The present essay discusses a diagram found in London, British Library, Cotton Titus D.xxvii+xxvi, the so-called Ælfwine’s Prayerbook. The diagram, which appears on fol. 21 v (see Figure 1), has been interpreted by most scholars as an incomplete tidal rota or an incomplete wind rota (as it contains only 4 out of the canonical 12 winds). A detailed, comparative analysis of the features of the diagram, however, proves that the hypothesis of the tidal rota must be discarded in favour of that of the wind diagram. Moreover, an analysis of the manuscript contents and of the way in which the manuscript was written reveals a close connection between the diagram and Ælfric’s De temporibus anni, showing that the diagram is complete in its present form, and was inspired by the Ælfrician text. My study shows that the rota constitutes an illustration to the discussion of the winds appearing in the De temporibus anni and, at the same time, a representation of the Cross and of the close connection between God and the natural world, perfectly integrated within Ælfwine’s interests and architectural plans, as well as within the “visual-exegetical method” (Kühnel 2003) of the period.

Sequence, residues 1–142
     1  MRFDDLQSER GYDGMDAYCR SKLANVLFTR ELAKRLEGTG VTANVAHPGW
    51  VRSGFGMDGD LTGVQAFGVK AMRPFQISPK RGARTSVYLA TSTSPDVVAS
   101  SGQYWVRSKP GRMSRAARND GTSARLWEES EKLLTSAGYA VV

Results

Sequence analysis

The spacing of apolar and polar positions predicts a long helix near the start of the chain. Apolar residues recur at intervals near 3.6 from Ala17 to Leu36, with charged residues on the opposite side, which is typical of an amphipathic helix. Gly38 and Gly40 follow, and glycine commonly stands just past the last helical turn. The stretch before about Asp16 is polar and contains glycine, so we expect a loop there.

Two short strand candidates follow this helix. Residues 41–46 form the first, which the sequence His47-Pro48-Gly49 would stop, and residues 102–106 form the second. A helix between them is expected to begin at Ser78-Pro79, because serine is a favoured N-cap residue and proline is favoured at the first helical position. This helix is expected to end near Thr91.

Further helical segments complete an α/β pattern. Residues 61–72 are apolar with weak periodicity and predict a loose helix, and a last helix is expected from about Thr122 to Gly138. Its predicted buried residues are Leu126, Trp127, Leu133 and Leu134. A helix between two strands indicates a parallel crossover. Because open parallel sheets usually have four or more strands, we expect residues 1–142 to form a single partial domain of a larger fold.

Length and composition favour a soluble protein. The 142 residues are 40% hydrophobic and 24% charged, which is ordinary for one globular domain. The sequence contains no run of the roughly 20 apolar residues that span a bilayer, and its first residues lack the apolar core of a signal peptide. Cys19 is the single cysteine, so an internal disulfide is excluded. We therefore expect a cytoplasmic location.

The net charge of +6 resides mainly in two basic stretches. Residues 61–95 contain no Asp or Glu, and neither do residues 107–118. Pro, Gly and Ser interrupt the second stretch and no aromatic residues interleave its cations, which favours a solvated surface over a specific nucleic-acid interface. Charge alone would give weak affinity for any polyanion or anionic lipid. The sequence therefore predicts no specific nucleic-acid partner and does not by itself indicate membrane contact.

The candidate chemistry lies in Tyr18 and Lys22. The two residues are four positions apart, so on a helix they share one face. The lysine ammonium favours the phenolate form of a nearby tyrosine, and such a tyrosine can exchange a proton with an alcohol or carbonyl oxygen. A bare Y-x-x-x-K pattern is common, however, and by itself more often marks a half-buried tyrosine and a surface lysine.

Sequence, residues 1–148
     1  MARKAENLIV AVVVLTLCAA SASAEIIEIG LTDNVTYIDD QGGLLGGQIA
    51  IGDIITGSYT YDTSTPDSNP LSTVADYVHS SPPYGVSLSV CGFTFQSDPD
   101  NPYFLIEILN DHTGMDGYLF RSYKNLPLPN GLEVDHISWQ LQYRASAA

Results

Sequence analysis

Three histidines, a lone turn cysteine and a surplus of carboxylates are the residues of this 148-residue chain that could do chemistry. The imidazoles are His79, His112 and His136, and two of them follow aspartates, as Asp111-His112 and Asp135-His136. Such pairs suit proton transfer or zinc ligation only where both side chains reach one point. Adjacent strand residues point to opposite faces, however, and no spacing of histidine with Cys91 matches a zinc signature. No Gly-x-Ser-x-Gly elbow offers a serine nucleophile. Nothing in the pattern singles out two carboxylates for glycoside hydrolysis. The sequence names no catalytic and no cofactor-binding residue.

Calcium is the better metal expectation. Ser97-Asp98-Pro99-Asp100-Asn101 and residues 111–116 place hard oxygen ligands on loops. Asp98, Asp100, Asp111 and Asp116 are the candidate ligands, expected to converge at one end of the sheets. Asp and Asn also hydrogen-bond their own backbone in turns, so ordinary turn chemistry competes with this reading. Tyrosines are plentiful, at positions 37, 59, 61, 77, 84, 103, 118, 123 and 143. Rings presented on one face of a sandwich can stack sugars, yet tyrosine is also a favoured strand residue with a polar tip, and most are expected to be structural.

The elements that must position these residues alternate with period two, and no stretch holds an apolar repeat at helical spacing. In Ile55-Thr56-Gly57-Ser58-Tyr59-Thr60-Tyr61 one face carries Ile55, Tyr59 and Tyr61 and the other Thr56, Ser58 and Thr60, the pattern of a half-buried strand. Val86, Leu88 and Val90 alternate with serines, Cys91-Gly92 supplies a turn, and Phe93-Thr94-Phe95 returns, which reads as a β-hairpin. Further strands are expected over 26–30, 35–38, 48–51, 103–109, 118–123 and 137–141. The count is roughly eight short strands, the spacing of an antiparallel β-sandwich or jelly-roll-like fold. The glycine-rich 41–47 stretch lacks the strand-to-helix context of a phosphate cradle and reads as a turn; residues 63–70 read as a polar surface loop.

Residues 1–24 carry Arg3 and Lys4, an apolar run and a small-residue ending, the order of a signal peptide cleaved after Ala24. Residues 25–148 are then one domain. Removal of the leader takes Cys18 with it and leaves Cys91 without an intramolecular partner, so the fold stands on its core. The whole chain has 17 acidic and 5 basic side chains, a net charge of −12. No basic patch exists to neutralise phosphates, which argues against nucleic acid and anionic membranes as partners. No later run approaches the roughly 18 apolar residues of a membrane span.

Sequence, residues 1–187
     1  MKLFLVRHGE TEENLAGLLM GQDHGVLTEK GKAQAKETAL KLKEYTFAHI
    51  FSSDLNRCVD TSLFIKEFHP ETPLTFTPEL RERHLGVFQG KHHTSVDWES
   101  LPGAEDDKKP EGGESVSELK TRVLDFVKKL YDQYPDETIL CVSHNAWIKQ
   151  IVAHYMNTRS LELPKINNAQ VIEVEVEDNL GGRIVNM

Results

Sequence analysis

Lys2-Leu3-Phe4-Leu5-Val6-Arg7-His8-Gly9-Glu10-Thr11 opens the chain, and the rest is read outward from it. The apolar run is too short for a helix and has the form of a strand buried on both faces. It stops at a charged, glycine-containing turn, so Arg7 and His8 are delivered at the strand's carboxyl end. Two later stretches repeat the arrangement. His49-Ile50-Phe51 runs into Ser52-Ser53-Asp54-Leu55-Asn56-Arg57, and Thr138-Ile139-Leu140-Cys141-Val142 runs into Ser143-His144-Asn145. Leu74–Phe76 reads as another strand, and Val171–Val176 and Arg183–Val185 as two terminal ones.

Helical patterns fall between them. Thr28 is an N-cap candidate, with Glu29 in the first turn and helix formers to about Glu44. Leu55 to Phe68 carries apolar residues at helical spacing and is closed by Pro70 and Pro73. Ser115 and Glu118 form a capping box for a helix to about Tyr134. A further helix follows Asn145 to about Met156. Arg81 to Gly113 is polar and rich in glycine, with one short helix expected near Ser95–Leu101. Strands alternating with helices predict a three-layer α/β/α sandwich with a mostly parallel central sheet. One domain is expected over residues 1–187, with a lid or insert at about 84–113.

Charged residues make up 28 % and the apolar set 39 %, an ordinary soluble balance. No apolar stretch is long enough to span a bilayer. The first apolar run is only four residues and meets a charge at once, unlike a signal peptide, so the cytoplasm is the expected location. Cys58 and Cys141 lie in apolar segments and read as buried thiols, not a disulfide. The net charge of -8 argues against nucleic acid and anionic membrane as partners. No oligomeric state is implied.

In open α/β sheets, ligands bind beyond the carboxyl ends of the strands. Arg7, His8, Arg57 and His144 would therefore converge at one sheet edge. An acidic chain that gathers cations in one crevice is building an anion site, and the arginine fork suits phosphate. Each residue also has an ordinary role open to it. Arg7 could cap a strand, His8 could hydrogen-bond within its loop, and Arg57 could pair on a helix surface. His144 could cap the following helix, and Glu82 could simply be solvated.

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A renowned journal of English philology, Anglia was founded in 1878 by Moritz Trautmann and Richard P. Wülker. It is thus the oldest journal of English Studies in existence. Anglia publishes essays on the English language and linguistic history, on English literature of the Middle Ages and the modern period, on American literature, on new literatures in English, as well as on general and comparative literary studies.